Few things are a bigger bummer in the film world than a festival title that wastes a good premise. When a movie doesn’t know what to do with a concept that initially drew you in, it almost always leads to massive disappointment. At the 2022 Sundance Film Festival, Alice is that flick. It’s almost impossible not to read the log-line and be curious about what comes next. Having seen the final product, I’m sorry to report that this is one effort that really can’t build on a good start. It ends up leaving you with a fairly bad taste in your mouth.
While Alice does contain a similarity to the genre offering Antebellum from a year or so ago, it’s after something different. That’s part of where the potential resides here. Not being a horror or a thriller, but a character study and a drama. It could have resulted in something special, which would have rocked Sundance. Instead, it’s destined to be discarded and forgotten about.
Alice (Keke Palmer) is a slave, working on a southern plantation. Presided over by the cruel Paul Bennet (Johnny Lee Miller), the days are filled with toiling and trying to survive, while bonding moments between slaves make up the nights. When things get even harder, Alice stages a daring escape. Wounding and then evading Paul, she gets off of the property. Looking for help, she emerges through the woods and finds…a highway. Little does she know, it’s actually the year 1973.
Helped out on the side of the road by a good samaritan in Frank (Common), Alice is confused and terrified. Taken to a hospital, assuming she’s hit her head, he’s concerned when it seems like she’s really out of a different time. Frank is a disillusioned former political activist, so when he protects her from the hospital attempting to institutionalize her, he begins introducing Alice to the 70s. As she grows to slowly understand the times, she also begins to plot her revenge.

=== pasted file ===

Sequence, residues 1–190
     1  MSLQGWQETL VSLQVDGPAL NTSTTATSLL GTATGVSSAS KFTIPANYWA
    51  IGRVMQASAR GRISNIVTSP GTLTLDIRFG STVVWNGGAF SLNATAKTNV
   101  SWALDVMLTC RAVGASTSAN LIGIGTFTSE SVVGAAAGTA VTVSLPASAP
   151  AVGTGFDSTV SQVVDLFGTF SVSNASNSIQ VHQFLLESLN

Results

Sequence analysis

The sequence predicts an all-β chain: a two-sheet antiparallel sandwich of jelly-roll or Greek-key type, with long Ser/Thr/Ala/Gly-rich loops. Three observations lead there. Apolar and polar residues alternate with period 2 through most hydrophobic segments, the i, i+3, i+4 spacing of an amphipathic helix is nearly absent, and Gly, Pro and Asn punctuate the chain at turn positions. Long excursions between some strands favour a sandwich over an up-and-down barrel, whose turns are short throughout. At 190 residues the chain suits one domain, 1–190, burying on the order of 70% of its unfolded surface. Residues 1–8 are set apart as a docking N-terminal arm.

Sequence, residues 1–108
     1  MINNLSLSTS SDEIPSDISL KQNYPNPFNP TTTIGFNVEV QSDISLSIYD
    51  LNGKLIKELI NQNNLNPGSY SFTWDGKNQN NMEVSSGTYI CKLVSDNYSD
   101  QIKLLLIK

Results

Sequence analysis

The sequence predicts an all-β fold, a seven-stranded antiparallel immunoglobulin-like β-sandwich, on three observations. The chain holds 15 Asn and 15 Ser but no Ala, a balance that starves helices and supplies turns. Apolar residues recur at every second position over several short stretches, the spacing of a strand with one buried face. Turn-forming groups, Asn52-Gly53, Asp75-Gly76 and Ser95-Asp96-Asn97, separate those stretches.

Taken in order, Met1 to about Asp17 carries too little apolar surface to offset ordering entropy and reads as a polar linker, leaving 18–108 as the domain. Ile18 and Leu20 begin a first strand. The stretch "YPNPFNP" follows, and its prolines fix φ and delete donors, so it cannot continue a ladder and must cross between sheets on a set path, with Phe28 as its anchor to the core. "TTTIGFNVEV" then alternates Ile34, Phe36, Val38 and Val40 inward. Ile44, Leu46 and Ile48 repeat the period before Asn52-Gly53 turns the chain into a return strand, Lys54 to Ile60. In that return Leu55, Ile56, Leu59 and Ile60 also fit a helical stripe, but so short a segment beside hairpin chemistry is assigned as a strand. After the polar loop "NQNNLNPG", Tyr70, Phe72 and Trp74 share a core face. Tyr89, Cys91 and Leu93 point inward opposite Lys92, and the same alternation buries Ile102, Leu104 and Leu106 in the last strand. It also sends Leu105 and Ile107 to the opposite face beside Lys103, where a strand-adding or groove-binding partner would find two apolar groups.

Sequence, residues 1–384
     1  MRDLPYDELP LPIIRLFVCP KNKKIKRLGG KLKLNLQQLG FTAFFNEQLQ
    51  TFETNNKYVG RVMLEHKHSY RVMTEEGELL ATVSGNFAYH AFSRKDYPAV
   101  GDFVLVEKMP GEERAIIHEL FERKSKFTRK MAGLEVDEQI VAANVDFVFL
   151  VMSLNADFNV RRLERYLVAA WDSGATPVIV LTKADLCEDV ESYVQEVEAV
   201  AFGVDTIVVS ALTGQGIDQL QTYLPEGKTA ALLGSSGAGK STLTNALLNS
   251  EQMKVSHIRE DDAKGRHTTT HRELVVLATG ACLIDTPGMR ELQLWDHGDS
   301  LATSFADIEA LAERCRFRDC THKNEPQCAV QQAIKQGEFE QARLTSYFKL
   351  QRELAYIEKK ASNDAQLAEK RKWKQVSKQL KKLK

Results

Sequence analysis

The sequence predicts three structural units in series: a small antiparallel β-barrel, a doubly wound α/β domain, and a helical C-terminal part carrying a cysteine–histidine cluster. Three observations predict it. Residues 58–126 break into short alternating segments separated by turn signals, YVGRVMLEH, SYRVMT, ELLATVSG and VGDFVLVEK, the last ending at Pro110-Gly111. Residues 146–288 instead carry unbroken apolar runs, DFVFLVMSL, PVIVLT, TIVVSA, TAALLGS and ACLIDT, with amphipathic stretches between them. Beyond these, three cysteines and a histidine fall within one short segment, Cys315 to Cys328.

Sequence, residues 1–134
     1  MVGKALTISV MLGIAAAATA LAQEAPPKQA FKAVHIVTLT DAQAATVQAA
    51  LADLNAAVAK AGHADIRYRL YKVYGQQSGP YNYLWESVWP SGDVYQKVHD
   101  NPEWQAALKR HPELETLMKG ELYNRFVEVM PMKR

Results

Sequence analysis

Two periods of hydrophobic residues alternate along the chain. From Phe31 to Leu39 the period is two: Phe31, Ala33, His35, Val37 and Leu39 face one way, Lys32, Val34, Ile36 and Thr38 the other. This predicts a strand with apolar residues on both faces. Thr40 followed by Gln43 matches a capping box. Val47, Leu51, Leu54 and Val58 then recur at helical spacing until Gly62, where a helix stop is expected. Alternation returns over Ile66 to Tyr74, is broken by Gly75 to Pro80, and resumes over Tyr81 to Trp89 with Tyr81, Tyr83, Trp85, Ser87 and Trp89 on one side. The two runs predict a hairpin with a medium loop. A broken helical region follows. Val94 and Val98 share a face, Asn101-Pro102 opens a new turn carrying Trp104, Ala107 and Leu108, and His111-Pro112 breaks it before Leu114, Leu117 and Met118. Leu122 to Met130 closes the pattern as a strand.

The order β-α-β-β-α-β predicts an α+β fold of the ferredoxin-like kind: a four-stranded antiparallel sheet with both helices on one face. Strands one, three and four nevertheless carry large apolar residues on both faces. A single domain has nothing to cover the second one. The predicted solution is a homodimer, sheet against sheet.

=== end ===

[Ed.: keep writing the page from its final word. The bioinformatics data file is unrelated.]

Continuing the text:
Keke Palmer tries her best with a tough role. She’s fine, but the script doesn’t give her enough to do building up the character. It feels surprisingly surface level, considering what kind of emotions could be on display. Palmer isn’t the issue, but she doesn’t elevate the material, either. Common is fine but the script barely tries to give him a reason to keep sticking around. Supporting players include Gaius Charles, Johnny Lee Miller, Alicia Witt, and more.
Filmmaker Krystin Ver Linden has a hell of a premise here, but doesn’t really know what to do with it. The antebellum south elements are too flatly staged to be really immersive, while the modern elements are rushed through. Alice should have been at its best watching the title character adjust and take in information. Instead, it’s almost montaged, skipping over the good details. Involving Pam Grier cinema is a nice touch, but then the climax goes too hard towards genre, further getting away from where it should have been headed.
Alice could have been great. I truly believe that. The bones are here for something spectacular. Instead, it’s flawed and one of the most disappointing flicks at the Sundance Film Festival this year. A big fumble of a potential cinematic touchdown, it will ultimately leave you wanting a lot more, if/when you get to check it out.